Major: Electrical Engineering
Mentors: Jacob Levitt, Professor Vlcek
Interesting Effects of a Particle in a Box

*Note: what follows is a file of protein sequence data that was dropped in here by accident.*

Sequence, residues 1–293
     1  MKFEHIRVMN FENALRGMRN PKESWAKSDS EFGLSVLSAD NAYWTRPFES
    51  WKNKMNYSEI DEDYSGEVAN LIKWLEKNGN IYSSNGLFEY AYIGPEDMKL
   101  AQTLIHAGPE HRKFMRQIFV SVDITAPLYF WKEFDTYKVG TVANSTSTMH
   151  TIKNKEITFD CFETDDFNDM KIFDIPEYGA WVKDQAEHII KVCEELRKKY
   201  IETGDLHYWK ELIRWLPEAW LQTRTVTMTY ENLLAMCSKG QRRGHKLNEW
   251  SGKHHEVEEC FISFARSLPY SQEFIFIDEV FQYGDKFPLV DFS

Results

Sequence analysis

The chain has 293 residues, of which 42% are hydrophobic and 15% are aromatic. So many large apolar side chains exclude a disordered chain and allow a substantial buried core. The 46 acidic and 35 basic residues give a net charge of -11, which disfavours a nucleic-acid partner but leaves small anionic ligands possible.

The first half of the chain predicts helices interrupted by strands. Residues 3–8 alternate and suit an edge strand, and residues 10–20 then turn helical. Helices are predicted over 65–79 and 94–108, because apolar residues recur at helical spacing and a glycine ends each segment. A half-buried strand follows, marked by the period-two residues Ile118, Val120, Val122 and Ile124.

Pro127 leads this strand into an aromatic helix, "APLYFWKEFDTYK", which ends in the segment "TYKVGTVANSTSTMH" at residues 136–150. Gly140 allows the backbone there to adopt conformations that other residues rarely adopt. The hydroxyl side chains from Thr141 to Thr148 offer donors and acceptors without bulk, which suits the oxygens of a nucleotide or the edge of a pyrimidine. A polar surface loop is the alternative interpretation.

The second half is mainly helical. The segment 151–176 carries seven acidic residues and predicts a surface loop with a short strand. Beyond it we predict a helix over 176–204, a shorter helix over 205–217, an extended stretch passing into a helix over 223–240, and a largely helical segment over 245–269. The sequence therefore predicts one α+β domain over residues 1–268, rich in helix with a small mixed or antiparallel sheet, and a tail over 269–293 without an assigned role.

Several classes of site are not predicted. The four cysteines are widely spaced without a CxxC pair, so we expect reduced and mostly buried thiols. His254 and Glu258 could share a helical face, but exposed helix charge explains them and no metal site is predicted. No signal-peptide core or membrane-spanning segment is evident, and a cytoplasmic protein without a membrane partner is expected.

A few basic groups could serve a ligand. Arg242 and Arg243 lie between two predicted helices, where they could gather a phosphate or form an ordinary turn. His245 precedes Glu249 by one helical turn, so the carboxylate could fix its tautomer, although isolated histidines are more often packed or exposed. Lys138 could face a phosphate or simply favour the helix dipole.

The solution to the Schrödinger equation, the central equation in quantum mechanics (QM), gives us energy values based on specified physical boundary conditions. Simulating these solutions requires specified physical boundary conditions and numerical methods to simplify the large computational cost. The physical boundaries studied here are those of a 1D box potential with finite and infinite potential barriers. The numerical process we use to solve the Schrödinger equation is the finite difference approximation (FDA). We simplify our differential equation into a system of linear equations separated by a finite difference. The FDA creates a grid space where each point on the grid represents part of a solution to the Schrödinger equation. When we increase the number of grid points, the solution converges to the textbook energy eigenvalue solution and takes seconds to run. This allows us an efficient way to visualize the evolution and properties of quantum systems and is a good teaching/learning technique to introduce elementary properties of QM.